"called to build the kingdom first through the romance and adventure of our home..."


Wasn't It Easier | Post 19

"Wasn't it easier in your lunchbox days?
Always a bigger bed to crawl into?
Wasn't it beautiful when you believed in everything?

Wasn't it easier in your firefly-catchin' days?
When everything out of reach,
someone bigger brought down to you?
Wasn't it beautiful runnin' wild 'til you fell asleep
Before the monsters caught up to you?"
t.swizzle // innocent
who can be sad when they see a snowman made out of salad?
I distinctly remember specific conversations with either my parents or other adults where they said "Don't be in a hurry to grow up.  It happens too fast.  Being an adult is hard."   It didn't seem like being an adult could be that hard.  I mean, sure, I knew adults had to make decisions and "deal with money" and make dinner.  But to be honest, I hungered to make my own decisions.  Maybe that's part of why I was fond of constantly playing Barbies/dolls.  I could make the rules and plans for them and I could make them "obey" my rules and "do" my plans.  Being an adult seemed like Big Real Dollhouse.  You get to choose what to spend money on!  And you have more than $2.51 in change in a little glass jar!  You get to go where you want!  And eat extra dessert! AND.  If you don't like mushrooms, you can choose not to make them with dinner!  And don't get me started on the jewelry and make-up and beautiful shoes adults get to wear.  Bras seem weird, but then again, talking on the phone whenever you'd like sounds divine.

Though I was "tried" (moved often, had people close to me die, watch my mom suffer through cancer, had much responsibility, etc) I "became an adult" when I was 19.  I had hurt before that, and I had cried and struggled before that.  But even babies hurt and cry and struggle.  I graduated - no, not highschool... I did that when I was 17 - I moved from one "life grade level" to another.  Innocent by Taylor Swift was playing while straightening up this afternoon.   I love all the lines I posted up top.   "Wasn't it easier when there was a bigger bed to crawl into?"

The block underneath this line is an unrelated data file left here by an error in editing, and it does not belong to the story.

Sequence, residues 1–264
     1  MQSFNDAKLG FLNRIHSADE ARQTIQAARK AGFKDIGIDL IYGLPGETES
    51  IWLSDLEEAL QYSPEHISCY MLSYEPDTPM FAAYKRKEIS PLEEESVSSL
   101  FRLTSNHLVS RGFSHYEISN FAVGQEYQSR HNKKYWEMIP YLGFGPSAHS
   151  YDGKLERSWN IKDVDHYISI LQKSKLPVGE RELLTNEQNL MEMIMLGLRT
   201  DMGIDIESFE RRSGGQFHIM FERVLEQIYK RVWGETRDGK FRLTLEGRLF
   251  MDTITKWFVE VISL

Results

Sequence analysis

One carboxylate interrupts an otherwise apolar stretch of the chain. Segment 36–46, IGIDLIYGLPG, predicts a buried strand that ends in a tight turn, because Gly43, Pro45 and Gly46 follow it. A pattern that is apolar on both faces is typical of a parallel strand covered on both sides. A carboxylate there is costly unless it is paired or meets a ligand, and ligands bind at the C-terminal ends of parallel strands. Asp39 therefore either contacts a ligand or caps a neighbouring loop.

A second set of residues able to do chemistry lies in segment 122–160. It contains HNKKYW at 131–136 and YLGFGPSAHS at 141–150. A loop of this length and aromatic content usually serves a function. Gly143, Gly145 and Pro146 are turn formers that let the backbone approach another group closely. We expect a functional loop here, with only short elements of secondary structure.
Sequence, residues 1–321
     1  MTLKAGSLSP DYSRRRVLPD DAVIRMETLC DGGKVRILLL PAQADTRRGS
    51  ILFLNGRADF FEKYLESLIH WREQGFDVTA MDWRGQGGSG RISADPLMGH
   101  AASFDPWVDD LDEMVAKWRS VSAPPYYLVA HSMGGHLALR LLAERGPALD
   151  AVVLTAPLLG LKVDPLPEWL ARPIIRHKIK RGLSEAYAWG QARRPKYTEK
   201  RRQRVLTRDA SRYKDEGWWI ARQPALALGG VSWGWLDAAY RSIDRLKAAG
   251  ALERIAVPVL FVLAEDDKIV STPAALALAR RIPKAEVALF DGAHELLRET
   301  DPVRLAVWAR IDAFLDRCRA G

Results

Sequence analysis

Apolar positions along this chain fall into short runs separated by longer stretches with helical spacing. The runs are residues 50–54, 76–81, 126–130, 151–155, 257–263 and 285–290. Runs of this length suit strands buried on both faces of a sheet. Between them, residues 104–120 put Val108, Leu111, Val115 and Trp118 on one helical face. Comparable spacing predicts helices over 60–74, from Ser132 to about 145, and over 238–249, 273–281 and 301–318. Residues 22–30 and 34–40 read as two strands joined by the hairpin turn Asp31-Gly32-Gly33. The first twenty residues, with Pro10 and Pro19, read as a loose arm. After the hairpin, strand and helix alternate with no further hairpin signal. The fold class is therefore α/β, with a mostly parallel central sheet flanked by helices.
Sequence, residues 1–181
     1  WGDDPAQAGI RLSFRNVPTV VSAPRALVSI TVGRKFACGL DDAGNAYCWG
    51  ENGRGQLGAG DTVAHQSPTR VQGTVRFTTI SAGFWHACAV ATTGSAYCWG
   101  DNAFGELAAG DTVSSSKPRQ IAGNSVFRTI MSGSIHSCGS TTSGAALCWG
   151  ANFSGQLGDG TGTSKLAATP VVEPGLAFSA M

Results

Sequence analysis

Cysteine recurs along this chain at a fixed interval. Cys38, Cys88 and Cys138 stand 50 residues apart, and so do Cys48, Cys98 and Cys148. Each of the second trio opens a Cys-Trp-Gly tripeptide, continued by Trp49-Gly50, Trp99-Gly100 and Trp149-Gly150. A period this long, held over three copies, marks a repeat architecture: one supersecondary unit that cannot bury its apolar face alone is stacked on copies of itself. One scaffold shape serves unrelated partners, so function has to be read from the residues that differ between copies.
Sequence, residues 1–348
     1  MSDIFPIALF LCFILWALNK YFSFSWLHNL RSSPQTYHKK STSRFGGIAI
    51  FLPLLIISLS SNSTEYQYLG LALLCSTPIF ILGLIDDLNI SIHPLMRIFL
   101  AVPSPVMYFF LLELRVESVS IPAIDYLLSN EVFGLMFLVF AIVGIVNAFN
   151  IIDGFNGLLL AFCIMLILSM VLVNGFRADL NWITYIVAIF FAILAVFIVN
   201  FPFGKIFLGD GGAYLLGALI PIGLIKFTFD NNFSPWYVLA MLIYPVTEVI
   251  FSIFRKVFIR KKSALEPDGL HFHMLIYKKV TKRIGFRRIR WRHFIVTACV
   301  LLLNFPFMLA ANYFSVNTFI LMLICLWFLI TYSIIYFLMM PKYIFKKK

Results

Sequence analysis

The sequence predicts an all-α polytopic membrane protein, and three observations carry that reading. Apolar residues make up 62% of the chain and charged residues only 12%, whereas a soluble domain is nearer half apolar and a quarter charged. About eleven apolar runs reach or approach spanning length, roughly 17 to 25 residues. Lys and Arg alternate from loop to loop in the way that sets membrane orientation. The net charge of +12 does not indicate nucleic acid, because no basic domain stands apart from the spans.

When I was 14 my parents announced "Mom is very sick.  She has breast cancer."  I cried all day.  I felt tired at bedtime, but laying in my room all by myself I couldn't sleep.  I became increasingly forlorn the longer I was awake.  Before long I was shaking and weeping into my pillows.  Instincts kicked in.  When you're alone and afraid at night, go get mom and dad.  I ran up to their room.  They were sleeping.  I crawled into the foot of the bed and they stirred.  They didn't tell me to move.  They didn't ask if I was okay.  They knew how I was.  Mom patted my arm and said "Good night."  And all of a sudden, it was a good night.  And I could sleep now.  I felt better.